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Let’s consider an RLC circuit connected with a sinusoidal source, my goal is to find the current \$I(t)\$, this is done by solving the following differential equation: \$ \frac{{d^2I}}{{dt^2}} + \frac{R}{L}\frac{{dI}}{{dt}} + \frac{1}{LC}I = -\omega V_0\sin(\omega t)\$ (1).
The general solution of (1) is of the form :

\$I(t) = I_h(t)+I_p(t)\$ (2)

Where \$I_h\$ and \$I_p\$ are the homogeneous and particular solutions respectively,In the steady-state situation (\$t\$ is very large) the homogeneous solution will vanish and we only left with the particular solution therefore (2) becomes \$I(t) = I_p(t)\$

So we need to seek a particular solution of (1), fortunately \$I_p(t)=A\cos(\omega t+\phi)\$

is a good candidate, so in order to keep the algebra simple we can turn \$I_p(t)\$ into a complex form and using Euler formula we get : \$I_p(t) = Ae^{j\omega t +\phi}\$

Now we can define impedance to be \$Z = V/I\$ I understand that impedance is kind of generalisation of Ohm’s law so that inductors and capacitors can be treated as simple resistors and we can apply preceding formula about resistors like voltage divider or the formulas of equivalent impedances instead of resistors, this is valid only where the current across each component is sinusoidal. The problem is when we have a circuit(contains only resistors, capacitors and inductors) connected with a sinusoidal source that contains many nodes and branches, why is it taken for granted that the current in each component of the circuit is sinusoidal? Should I justify that in each circuit by deriving the differential equation associated with it? Or is there a general demonstration that in steady-state the current of each component will behave this way?

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  • \$\begingroup\$ Before I say anything else, did you look at the dimensions of your first equation -- left side vs right side? I suspect you forgot something on the left. \$\endgroup\$ Oct 21, 2023 at 10:59
  • \$\begingroup\$ You failed to make even the more basic dimensional cross-check of your first equation. In the time domain, it is \$\frac{\text{d}}{\text{d}t}v_{t}=L\left[\frac{\text{d}^2}{\text{d}t^2}+\frac{R}{L}\frac{\text{d}}{\text{d}t}+\frac1{L\,C}\right]i_{t}\$. Not as you expressed it at the outset. But in general, if you can find an annihilator for whatever \$\frac{\text{d}}{\text{d}t}v_{t}\$ happens to be (always possible if you can find its Laplace), then the resulting equation is readily solved. Part of that solution will include the non-homogeneous part with undetermined but findable coefficients. \$\endgroup\$ Oct 21, 2023 at 11:50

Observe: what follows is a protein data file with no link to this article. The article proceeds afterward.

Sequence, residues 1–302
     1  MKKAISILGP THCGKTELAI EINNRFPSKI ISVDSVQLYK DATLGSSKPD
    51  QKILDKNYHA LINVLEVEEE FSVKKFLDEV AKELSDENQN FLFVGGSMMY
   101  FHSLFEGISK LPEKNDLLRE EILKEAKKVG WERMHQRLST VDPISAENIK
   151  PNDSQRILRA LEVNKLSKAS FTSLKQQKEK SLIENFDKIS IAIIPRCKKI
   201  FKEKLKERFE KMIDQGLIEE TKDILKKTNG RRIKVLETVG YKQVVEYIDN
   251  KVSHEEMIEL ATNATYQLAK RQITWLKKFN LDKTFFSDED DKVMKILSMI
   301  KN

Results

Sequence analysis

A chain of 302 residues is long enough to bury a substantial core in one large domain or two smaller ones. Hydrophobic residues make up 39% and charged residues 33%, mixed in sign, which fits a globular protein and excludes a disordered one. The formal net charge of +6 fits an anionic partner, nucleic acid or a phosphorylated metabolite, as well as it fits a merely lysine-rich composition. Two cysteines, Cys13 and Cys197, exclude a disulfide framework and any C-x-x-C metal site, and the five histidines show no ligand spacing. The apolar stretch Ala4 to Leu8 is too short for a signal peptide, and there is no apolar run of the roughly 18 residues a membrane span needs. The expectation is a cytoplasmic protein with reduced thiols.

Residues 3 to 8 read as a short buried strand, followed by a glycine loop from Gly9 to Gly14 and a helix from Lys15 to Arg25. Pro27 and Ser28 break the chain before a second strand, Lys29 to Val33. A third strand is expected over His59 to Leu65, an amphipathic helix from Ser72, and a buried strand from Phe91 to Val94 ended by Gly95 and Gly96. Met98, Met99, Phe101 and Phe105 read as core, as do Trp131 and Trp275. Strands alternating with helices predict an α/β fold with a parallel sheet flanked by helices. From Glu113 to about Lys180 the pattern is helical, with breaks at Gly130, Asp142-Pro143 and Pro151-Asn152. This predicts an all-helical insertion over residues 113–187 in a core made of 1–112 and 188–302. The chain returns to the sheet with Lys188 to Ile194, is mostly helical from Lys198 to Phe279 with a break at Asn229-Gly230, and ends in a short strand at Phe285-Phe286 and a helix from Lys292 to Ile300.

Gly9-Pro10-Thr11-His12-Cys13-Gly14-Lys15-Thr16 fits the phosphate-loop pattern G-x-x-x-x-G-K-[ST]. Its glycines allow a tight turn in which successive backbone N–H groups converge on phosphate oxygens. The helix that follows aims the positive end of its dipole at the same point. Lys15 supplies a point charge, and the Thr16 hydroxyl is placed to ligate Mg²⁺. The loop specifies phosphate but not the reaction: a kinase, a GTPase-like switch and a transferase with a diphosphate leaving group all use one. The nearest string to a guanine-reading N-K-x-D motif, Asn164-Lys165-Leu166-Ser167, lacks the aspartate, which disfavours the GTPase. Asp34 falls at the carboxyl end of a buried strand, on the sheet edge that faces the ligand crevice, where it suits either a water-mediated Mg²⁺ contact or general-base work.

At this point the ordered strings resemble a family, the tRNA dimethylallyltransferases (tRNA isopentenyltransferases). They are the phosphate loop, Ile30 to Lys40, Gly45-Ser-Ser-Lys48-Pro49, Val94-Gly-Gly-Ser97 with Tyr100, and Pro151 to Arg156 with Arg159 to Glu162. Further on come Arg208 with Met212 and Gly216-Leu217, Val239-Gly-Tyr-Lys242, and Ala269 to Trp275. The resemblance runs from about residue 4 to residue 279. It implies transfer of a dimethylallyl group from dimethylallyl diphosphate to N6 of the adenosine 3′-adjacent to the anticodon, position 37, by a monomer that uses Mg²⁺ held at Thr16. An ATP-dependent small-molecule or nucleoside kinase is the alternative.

• \$\begingroup\$ I forgot to divide the right-hand side by L \$\endgroup\$ Oct 21, 2023 at 16:10
  • \$\begingroup\$ Always check your work with dimensional analysis as your first go-to. It's the first thing I do every single time I do anything or read anything from someone else. And the answer is that you do not need to justify each case. The reasoning in large part has to do with superposition, complex analysis, and the ability to find winding frequencies (Fourier) which are always sums of sines and cosines and phases. \$\endgroup\$ Oct 21, 2023 at 19:34

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Welcome to EE.SE

I understand that impedance is kind of generalisation of Ohm’s law ... why is it taken for granted that the current in each component of the circuit is sinusoidal?

Because impedance as a concept is limited to steady state (your particular solution), single frequency, sinusoidal operation.

By the late 19th century it was realised that RLC circuits could be described by differential equations. Unfortunately it requires considerable mathematical competence to solve them directly so there was a search for simplified solutions.

Impedance is one such simplified solution. Named by Oliver Heaviside, though contributed to by various people, it allows for solutions of RLC circuits by extending Ohm's law from DC and resistors to include (single frequency) AC and LC components.

However a restriction of impedance, which is usually unstated, is that it only provides a solution for steady state, single frequency, sinusoidal operation. If you want a description of the transient (homogeneous) or non-sinusoidal operation you'll need to use a more advanced method to provide a complete solution of the differential equation of the circuit.

The phasor approach you mention is one such method; another popular method is Laplace transforms.

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  • \$\begingroup\$ My question was if I have a complicated circuit with many nodes and branches, let’s say there is a current passing through some branch we denote it by \$I_n(t)\$, why is it always taken for granted that \$I_n(t)=Ae^{j\omega t+\phi}\$? \$\endgroup\$ Oct 21, 2023 at 15:21
  • \$\begingroup\$ @user9276043 We can only answer the questions you actually write; not ones that are running round in your head. \$I_n(t)=Ae^{j\omega t+\phi}\$ is just the phasor representation of some current \$A \angle \phi\$ A (where \$A\$ is the peak current and the frequency is \$\omega\$ rad/s). Why is everything sinusoidal? Well, your exitation is sinusoidal - \$V_0\sin(\omega t)\$ from 1. \$\endgroup\$
    – Graham Nye
    Oct 21, 2023 at 22:28

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